Celebrity Drive: Spin Doctors' Lead Singer Chris Barron
via Motor Trend
Quick Stats: Chris Barron, lead singer, Spin Doctors
Daily Driver: 2018 Subaru Impreza (Chris' rating: 10 on a scale of 1 to 10)
Other cars: See below
Favorite road trip: Spin Doctors' first national tour
Car he learned to drive in: Ford Econoline van
First car bought: 1993 Subaru Legacy
Spin Doctors' lead singer Chris Barron used to own police cars, but when his wife and daughter suggested something more current and passenger-friendly, he chose to go back to a familiar brand—a 2018 Subaru Impreza.
"I've always loved Subarus. I loved that independent four-wheel drive. I leased one of those, a 2015, [and when the] lease ran out I just went right back and got another one. It's small enough to be able to park it in the city if you need to," says Barron, who lives in New York City. "I used to have a '42 Ford wood-paneled wagon, but it wasn't my everyday driver."
Barron gives the Impreza a perfect 10. He calls it the "Nighthawk" and gets extra coverage on his leases. "It's my little pal that I drive around in. I'm a musician, so I'm always driving around and I need a little extra space. For a car of its size, it's enormous. I moved my daughter home from college and she acquired so much stuff, and it was like, 'I don't know if we'll fit this stuff in here.' We totally did," he says with a laugh. "We put the seats down, and it was nuts. I totally moved her home from college. It's got personality. It's an inexpensive, fun car that you're never going to get stuck anywhere. It's a mountain goat. I never worry about it."
Before the Impreza, he had a 2004 Crown Victoria he bought after he ran his 1997 Crown Victoria "into the ground," as he says. "They're both Police Interceptors. The first one was my favorite. It had the old body style, the back end of it looked like a gigantic bar of soap," Barron says. "I could always see it in a parking lot."
The car still had features from when it was a police car. "It had the trunk release. Cops had put in this big trunk release button right in the middle of the dashboard. When my daughter was small, I used to call it the history eraser button because I didn't want her to press it. The trunk would just open up," he says. "It had a roadblock in it. The trunk would come up and it had a lighting rig, it was like two big brake lights that would just flash left-right, left-right."
Barron loved how his Crown Vic made other cars around him react. "That car was amazing," he says. "You'd pull up aggressively behind somebody in the left lane, and you could see them see you in the rearview mirror, because the whole car would do this sudden shimmy. And you could see their hands tighten on the wheel and the whole car would do a little wiggle and immediately the blinker would come on and they'd get out of your way."
Barron's dad, automotive journalist Ken Gross, was the person who suggested it. "My dad was like, 'You should get a Crown Victoria.' We're Ford people. He's not a Chevy guy, so no Impala. I immediately loved the idea," he says. "It was really no frills; there wasn't even a mirror in the visor. It was fast as hell, it had the good old cop shocks, cop struts, the big engine. It was just a freaking awesome car."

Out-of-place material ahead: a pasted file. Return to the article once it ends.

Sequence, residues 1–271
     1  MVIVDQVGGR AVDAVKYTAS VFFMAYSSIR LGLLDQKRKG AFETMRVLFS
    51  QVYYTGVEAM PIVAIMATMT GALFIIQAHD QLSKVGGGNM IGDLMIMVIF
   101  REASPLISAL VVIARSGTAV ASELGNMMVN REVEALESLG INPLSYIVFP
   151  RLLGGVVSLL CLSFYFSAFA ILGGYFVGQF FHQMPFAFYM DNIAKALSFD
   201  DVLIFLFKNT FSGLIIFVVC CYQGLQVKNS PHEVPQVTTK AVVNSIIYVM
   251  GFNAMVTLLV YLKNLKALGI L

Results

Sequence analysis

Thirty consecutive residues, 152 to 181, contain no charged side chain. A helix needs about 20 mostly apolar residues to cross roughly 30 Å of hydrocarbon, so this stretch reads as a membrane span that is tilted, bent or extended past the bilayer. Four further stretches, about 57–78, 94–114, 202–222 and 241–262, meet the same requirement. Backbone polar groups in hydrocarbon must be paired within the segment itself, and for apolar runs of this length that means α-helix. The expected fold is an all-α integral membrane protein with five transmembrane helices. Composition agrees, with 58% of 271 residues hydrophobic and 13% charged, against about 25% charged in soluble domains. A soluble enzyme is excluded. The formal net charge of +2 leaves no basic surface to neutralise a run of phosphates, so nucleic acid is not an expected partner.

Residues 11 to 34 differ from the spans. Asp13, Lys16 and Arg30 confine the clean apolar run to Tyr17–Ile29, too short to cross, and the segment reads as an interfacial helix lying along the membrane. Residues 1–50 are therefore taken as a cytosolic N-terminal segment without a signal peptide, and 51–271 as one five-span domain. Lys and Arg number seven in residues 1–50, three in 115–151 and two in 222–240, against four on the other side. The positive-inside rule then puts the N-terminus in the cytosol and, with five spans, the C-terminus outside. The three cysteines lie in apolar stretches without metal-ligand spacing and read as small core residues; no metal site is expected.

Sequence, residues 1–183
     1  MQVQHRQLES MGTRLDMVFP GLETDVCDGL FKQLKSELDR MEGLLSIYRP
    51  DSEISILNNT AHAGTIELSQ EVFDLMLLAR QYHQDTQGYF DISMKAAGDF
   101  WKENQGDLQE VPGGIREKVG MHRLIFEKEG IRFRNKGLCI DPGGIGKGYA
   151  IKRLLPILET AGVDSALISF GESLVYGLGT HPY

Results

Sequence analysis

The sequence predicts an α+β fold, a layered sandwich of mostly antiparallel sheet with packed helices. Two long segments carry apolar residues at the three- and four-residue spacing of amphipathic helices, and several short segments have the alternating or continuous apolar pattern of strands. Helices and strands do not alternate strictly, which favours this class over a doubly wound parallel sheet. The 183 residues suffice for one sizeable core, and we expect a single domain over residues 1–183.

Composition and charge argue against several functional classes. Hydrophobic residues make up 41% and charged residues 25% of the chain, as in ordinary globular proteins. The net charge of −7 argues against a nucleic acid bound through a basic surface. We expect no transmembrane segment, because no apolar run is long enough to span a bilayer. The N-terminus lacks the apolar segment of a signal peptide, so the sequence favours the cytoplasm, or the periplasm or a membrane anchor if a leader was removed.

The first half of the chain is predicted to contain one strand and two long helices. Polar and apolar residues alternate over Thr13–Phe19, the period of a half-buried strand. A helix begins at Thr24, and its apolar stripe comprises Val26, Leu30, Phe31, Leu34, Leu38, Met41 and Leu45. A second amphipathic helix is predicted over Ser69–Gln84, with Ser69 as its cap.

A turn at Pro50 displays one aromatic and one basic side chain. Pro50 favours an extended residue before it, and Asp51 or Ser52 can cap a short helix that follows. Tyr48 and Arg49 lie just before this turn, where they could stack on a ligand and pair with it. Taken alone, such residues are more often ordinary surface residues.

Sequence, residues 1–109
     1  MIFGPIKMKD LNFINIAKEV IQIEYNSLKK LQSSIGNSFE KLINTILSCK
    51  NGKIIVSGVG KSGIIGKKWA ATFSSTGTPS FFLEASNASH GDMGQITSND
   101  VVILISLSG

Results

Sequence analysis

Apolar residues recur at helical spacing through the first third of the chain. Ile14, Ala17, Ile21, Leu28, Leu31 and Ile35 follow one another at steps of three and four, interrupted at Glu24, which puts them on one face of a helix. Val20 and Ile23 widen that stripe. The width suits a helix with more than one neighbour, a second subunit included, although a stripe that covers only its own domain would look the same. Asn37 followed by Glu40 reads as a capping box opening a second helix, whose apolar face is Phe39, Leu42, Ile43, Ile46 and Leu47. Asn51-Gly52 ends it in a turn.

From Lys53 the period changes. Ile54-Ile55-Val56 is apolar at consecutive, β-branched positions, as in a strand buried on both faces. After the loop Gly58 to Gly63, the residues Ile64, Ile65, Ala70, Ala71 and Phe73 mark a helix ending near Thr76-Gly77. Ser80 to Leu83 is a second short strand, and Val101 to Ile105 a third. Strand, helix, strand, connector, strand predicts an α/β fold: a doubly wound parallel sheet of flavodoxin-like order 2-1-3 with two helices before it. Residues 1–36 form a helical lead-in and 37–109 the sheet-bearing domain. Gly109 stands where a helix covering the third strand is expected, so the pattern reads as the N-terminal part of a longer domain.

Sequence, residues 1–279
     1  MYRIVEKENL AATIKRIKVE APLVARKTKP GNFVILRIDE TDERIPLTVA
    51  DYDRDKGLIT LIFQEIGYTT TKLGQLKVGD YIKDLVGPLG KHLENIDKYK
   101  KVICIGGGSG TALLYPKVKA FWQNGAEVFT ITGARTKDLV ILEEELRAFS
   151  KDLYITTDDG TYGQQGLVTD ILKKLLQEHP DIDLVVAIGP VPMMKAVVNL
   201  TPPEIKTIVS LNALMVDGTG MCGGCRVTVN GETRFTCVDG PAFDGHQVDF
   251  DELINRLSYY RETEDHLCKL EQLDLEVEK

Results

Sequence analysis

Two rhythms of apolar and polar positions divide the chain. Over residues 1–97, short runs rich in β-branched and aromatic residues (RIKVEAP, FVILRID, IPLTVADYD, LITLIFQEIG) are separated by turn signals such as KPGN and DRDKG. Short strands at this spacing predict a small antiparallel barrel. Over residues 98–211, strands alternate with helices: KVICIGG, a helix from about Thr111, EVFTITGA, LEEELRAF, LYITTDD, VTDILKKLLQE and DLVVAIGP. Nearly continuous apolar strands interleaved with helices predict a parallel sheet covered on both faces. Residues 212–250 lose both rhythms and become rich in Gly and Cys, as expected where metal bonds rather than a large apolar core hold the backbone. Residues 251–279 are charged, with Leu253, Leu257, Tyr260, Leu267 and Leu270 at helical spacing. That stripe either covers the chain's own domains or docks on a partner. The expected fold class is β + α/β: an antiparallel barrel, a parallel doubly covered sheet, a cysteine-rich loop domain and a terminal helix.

Barron said it was a perfect daily driver for New York City, although he drove it all over the country. "People are going to scratch the car, it's going to get dinged and bumped, and I didn't care," he says. "Driving in New York City is like a big game of chicken, but the person with the worst car wins. I'm driving this $9,000 huge Crown Victoria, and you're going to come at me with your Mercedes? I don't think so, I'm going first. People see a car like that coming and they just get out of the way in New York City."
FIRST CAR BOUGHT
Barron bought his current Impreza because he liked his first car a lot. It was a 1993 Subaru Legacy wagon, which he bought with money he made from the Spin Doctors. He got inspired to buy that car from his best friend in college.
"My pal from Bennington College always had a soft spot for these Subarus, and we had lots of adventures, those crazy college adventures," he says. "He was this punk rock guy, and he had a really old maroon Subaru. His was super beat up, the paint was all worn down, and he wrote or painted on the side 'The Piece of Work.' So I always had a soft spot for the Subaru wagon."
He drove his Subaru around Washington state. "The one little moment in my life that I didn't live in New York City, I lived in Washington," he says. "And I spent a year there, I was like, 'What am I doing?' And I moved back to New York City because I'm just a New York City guy. I'm a Northeastern guy."
What clinched his brand loyalty to Subaru was the time he was on a snowy road in the mountains east of Seattle. "I took that car up into the mountains right when I got it and I drove onto this road and the road turned into a dirt road and then I got way up into the mountains and it got snowy and there was nowhere to turn around so I kept going and going," he recalls.
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